Pate had turned pro in 1986 and won his first world sprint title in 1988. Earlier that year he was one of the star attractions at Wangaratta. Riding from 5 metres behind scratch, he turned in a slashing performance to hold off Glenn Clarke in a Wheelrace Final that had everything. It was Clarke’s first Carnival since turning pro.

 

So began Pate’s love affair with Wangaratta – and its crowds. He finished as the ‘Bridesmaid’ in four Wheelraces…….to Clarke in 1990; to Rick Ploog in ‘91; to the brilliant Shane Kelly in 1998, when he was held out by centimetres in a dramatic finish; whilst Baden Cook staved off his withering finishing burst to win the 2000 Wheelrace.

 

He won all four Carnival scratch races in 1993 and ‘96, and cleaned up five in 1998.

 

This ‘madman on a bike’ was once described as a ‘squat, little, short-legged, freckled guy with unruly ginger hair and quadriceps that were like bags of cement hanging over his knees’.

 

Surely no-one could match his record for consistency at Wangaratta over such a prolonged period……..

 

 

Stephen Pate, ‘the mad bull on wheels’

 

***

 

Ten years before Pate’s Wheelrace success, a young, unheralded local upset some much-vaunted stars to win the 1978 event.

 

Ian Petts was 21, and had been a pro for just 8 months, following a five-year amateur career.

 

He came to cycling quite by accident:

“I’d left my old bike lying in the driveway of our Brash Avenue house, and it got mangled when it was run-over. A really keen rider, Terry Sumner, who lived over the road, offered to fix it for me…..Then I had the temerity to ask if he happened to have an old racing frame.”

 

“He said: ‘I have, and I’ll give it to you if you come down and have a ride with us.’ That got me going…….Terry mentioned that if I kept training, and got into the swing of things, I might make a fair rider.”

 

Petts enjoyed immediate success as a pro, and hit a good vein of form leading up to the Carnival. He performed solidly at the highly-rated Tasmanian events (Latrobe and Burnie) over the 1977 Christmas/New Year period, and was confident of his chances at Wangaratta – even though most experts overlooked him.

 

It was one of the wettest Carnivals in memory and the program had to be delayed at times to allow the track to dry out.

 

Despite being handicapped to a mid-to-back mark because of his strong rides in Tassie, Petts won his heat easily enough. He then lined up in a star-studded Final, which included Laurie Venn, Chris Salisbury and Malcolm Hill.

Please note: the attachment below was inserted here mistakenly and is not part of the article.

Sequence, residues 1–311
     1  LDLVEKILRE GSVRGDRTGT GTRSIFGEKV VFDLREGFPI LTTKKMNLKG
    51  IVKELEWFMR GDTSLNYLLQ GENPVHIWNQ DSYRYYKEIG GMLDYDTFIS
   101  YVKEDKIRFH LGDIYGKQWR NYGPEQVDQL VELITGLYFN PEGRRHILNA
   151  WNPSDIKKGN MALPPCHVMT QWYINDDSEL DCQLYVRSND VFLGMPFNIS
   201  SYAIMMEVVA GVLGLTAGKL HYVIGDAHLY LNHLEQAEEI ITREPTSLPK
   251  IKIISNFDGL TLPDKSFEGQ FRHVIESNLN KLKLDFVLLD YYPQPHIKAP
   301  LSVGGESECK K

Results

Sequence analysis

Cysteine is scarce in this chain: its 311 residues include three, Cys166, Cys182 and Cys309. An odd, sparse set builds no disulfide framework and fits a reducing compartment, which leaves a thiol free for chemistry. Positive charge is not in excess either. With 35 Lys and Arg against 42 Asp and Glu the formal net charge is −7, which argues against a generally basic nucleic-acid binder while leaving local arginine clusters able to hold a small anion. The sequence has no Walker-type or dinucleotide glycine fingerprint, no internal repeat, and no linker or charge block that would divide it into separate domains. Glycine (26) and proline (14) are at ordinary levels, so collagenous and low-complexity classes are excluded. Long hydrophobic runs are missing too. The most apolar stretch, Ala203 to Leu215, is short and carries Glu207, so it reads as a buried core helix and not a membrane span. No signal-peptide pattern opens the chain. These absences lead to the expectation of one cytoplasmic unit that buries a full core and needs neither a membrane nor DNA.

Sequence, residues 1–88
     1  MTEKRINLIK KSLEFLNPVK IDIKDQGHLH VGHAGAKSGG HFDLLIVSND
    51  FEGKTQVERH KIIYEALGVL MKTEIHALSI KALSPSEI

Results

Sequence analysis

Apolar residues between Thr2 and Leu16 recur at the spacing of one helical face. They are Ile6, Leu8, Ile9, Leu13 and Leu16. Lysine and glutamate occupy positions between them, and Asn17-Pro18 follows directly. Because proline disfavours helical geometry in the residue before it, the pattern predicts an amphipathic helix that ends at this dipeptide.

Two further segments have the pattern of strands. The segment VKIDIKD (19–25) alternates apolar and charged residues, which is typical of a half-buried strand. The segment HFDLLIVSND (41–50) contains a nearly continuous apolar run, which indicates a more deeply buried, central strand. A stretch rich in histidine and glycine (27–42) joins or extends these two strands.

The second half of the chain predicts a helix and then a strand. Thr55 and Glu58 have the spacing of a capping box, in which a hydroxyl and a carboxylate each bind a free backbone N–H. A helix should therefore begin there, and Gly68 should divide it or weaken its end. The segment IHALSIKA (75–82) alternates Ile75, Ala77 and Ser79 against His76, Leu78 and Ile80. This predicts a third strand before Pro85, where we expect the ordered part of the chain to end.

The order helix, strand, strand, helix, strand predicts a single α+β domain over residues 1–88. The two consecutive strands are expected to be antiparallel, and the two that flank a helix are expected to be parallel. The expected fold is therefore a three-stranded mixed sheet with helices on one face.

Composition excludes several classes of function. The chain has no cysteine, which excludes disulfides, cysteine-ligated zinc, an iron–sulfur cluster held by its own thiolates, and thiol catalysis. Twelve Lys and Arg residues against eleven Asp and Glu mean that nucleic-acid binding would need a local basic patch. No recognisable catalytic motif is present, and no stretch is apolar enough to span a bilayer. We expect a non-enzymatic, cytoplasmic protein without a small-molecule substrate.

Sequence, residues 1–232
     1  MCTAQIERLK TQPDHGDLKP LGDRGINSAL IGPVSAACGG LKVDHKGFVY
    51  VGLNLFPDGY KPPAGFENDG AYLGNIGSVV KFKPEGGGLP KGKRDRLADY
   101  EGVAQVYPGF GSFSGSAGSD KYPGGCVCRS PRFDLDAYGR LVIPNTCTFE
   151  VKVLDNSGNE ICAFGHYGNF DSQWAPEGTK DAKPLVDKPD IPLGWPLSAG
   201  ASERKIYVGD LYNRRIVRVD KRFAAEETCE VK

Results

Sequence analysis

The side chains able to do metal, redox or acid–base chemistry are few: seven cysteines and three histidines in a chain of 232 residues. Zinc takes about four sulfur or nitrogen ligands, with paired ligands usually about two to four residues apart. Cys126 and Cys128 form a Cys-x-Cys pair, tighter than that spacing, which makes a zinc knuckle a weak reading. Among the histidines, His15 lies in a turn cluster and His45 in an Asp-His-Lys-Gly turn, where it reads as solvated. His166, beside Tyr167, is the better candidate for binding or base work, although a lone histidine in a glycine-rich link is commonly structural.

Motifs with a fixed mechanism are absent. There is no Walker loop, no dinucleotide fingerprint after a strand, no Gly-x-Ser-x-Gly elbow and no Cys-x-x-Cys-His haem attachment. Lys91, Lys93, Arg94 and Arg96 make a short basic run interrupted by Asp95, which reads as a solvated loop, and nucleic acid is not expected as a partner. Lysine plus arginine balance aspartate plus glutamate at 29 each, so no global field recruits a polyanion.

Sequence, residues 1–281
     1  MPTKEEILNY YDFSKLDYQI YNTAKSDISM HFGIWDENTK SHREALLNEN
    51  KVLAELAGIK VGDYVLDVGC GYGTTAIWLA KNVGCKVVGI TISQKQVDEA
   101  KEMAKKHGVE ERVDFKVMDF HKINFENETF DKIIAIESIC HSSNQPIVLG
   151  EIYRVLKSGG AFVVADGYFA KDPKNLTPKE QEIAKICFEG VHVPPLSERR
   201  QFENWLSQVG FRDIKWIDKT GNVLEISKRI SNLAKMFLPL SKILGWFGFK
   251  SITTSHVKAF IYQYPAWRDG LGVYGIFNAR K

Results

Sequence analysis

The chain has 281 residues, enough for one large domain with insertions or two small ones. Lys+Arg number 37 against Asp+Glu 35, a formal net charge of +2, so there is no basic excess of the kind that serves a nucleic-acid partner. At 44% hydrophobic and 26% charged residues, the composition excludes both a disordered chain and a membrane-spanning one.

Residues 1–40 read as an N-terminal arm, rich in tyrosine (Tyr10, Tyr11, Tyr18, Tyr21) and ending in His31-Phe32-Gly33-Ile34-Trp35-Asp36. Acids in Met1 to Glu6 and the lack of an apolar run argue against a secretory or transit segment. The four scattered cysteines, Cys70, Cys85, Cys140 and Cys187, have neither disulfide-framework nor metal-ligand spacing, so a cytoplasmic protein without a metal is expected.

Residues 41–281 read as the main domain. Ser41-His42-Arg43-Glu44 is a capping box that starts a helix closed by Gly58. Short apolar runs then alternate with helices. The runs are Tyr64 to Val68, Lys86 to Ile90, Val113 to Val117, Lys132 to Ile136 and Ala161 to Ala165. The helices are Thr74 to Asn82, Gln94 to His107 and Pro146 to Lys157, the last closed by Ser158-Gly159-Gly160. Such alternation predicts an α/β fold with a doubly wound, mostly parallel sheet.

“Local lad Ian Petts stormed home in one of the most sensational wins in Wangaratta Wheelrace history to defeat the fast-finishing Chris Salisbury……..”, reported the Wangaratta Chronicle.

 

‘Pettsy’ rode competitively for another nine years, chalking up an impressive list of wins, including the Wagga and Dubbo Wheelraces, a Victorian 1600m Handicap title, and several other country successes. He rates his second placing in Bendigo’s Golden Mile among his favourite memories…..

 

 

Ian Petts greets the judge in 1978

 

***

 

‘Pettsy’ says he was inspired by the outstanding performance of ‘Pud’ Vincent three years earlier.

 

For any local rider, there was a touch of romanticism attached to taking out the Premier event at their home-town Carnival.

 

‘Pud’ should have been reasonably upbeat about his chances as he was in the middle of a hot streak of form which lasted for six weeks or more.

 

He’d won the Echuca Wheelrace on Boxing Day 1974, then two days later saluted in the Hamilton Wheelrace……And with three other 1600m victories in minor events at the Carnival, some good judges were bold enough to suggest that he might cause a major upset.

 

But his confidence took a battering when he could only finish fifth in his Wheelrace heat. Despite his disappointment, that had enabled him to squeeze into the semi-finals.

 

“I went home for tea that night, and told Betty I didn’t think I’d bother going back for the evening program. She gave me an old-fashioned serve and told me I’d be letting the people of Wangaratta down; that I should head back and have a decent ‘go’.”

 

A win in the Semi restored his sagging morale, as did two other rides he had in the lead-up to the Final. “I didn’t have a chance to get nervous,” he says.

 

Riding from 70m, he positioned himself well, teamed up with the other middle-markers, and set sail for home.

 

“I heard the commentator, Eddie Bush, say that ex-world champ Gordon Johnson had tacked onto the main bunch, so I made my break with about three-quarters of a lap to go.”

 

He held on desperately, to go to the line ahead of John Holgate and Paul Swatton, with Johnson finishing in fifth place.

 

The celebrations at the Vincent home lasted until the wee hours of the morning. His great season was rounded out in the following weeks, with victories in the Burramine and Yarroweyah Wheelraces………….

 

 

 

***

POST-SCRIPT:

Forty-five years on, ‘Pud’ occasionally climbs aboard the bike, but says it only for a jaunt around the streets of Wangaratta. His keenest sporting interest these days is in following his grand-daughter Hannah Grady, who has been a key member of the last two Wangaratta Netball Premierships, and has won five Club B & F’s.

 

Ian Petts, still looking lean and fit, says his day isn’t complete if he doesn’t head off on a solid 30km ride around the back roads. He has combined overseas holidays with following the Tours of France and Italy, and says the Tour of Spain is also on the agenda – if ever Covid-19 permits………..

 

 

‘Pud’ and Betty Vincent and kids after his triumph in the 1975 Wangaratta Wheelrace

 

This story appeared first on KB Hill’s website On Reflection and is used here with permission. All photos sourced from KB Hill’s resources.

 

To read more of KB Hill’s great stories, click HERE.

 

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Comments

  1. Roseville Rocket says

    Always good to read KB’s pieces.
    Such authentic accounts of local sports stars.
    Always links the connections.
    Good to see him acknowledge that Stephen Pate was from Kyabram.

    You’ve don it again KB.